2000Doña María’s Story: Life History, Memory and Political Identity. Durham, NC: Duke University Press.Google Scholar
Jarvis-Tonus, Jill
1992 “Legal Issues Regarding Oral Histories.” Canadian Oral History Journal 12: 18–24.Google Scholar
Koskinen, Kaisa
2008Translating Institutions: An Ethnographic Study of EU Translation. Manchester: St. Jerome.Google Scholar
Ladouceur, Louise
2006 “Les voix de la marge: Tennessee Williams et Michel Tremblay.” TTR 19 (1): 15–30. Crossref logoGoogle Scholar
Lane-Mercier, Gillian
2005 “Jean Simard, ‘l’impeccable ouvrier d’une seule chose bien faite.’” In Whitfield 2005, 127–188.Google Scholar
Layman, Leonore
2009 “Reticence in Oral History Interviews.” Oral History Review 36 (2): 207–230. Crossref logoGoogle Scholar
Leblanc, Mathieu
2013 “Translators on Translation Memory (TM). Results of an Ethnographic Study in Three Translation Services and Agencies.” Translation & Interpreting 5 (2): 1–13.Google Scholar
McKenna, Yvonne
2003 “Sisterhood? Exploring Power Relations in the Collection of Oral History.” Oral History 31 (1): 65–72.Google Scholar
Miller, Donald Earl, and Lorna Touryan Miller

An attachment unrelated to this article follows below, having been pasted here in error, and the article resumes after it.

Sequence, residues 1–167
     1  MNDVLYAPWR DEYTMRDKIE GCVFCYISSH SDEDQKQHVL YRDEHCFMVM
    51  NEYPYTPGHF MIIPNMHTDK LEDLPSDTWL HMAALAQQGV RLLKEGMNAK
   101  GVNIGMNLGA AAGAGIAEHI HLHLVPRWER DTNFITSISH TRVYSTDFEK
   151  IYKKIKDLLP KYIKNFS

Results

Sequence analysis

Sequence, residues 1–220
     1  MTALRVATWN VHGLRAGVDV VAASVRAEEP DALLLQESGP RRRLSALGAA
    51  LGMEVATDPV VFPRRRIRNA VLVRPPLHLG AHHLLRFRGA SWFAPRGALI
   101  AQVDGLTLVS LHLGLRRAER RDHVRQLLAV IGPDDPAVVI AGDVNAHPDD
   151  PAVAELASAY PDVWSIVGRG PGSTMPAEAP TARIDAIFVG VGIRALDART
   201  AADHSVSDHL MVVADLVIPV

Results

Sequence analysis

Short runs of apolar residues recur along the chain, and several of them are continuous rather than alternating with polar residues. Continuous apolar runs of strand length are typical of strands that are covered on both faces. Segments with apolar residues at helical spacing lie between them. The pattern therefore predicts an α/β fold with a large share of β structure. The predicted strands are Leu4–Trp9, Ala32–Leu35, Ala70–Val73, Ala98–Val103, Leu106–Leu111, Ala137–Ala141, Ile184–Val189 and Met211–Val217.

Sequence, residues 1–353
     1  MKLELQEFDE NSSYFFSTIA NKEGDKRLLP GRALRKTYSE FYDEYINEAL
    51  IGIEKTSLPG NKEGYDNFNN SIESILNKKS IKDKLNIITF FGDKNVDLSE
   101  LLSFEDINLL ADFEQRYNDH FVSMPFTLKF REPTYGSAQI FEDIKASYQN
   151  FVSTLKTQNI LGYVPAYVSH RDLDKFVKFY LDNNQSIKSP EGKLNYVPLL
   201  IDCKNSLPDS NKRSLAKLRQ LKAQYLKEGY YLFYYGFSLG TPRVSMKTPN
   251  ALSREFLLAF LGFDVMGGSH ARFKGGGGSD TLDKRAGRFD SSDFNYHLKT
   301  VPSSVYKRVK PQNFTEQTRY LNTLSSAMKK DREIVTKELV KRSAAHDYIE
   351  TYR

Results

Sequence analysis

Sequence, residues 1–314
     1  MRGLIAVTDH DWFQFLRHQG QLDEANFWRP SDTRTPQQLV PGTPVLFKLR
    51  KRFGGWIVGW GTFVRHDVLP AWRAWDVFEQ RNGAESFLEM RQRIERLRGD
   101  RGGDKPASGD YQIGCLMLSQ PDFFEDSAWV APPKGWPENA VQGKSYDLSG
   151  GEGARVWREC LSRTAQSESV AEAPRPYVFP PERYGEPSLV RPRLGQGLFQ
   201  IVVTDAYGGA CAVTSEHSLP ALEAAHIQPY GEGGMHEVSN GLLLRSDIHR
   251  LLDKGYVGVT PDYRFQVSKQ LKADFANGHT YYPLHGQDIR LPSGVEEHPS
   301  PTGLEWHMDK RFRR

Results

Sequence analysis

1993Survivors: An Oral History of the Armenian Genocide. Berkeley: University of California Press.Google Scholar
Montreal Life Stories
Morrissey, Charles T
1984 “Riding A Mule Through The ‘Terminological Jungle’: Oral History and Problems of Nomenclature.” Oral History Review 12: 13–28. Crossref logoGoogle Scholar
Mossop, Brian
2006 “Has Computerization Changed Translation?Meta 51 (4): 787–805. Crossref logoGoogle Scholar
Nutting, Stephanie
2006 “On D. G. Jones and Translating Outside.” In Whitfield 2006, 107–138.Google Scholar
Office of News and Public Affairs
2012 “University Files Appeal in Belfast Project Case.” The Boston College Chronicle, March 1. http://​www​.bc​.edu​/content​/bc​/publications​/chronicle​/FeaturesNewsTopstories​/2012​/news​/appeal030112​.htmlGoogle Scholar
[ p. 213 ]
Oral History Society
2009 “Practical Advice: Getting Started.” http://​www​.oralhistory​.org​.uk​/advice​/index​.php
Portelli, Alessandro
1991The Death of Luigi Trastulli and Other Stories: Form and Meaning in Oral History. Albany: State University of New York Press.Google Scholar
Pym, Anthony
1998Method in Translation History. Manchester: St. Jerome.Google Scholar
Reeves-Ellington, Barbara
1999 “Responsibility with Loyalty: Oral History Texts in Translation.” Target 11 (1): 103–129. Crossref logoGoogle Scholar
Ritchie, Donald A
1994 “Foreword.” In Memory and History: Essays on Recalling and Interpreting Experience, ed. by Jaclyn Jeffrey and Glenace Edwall, v–ix. Lanham, MD: University Press of America.Google Scholar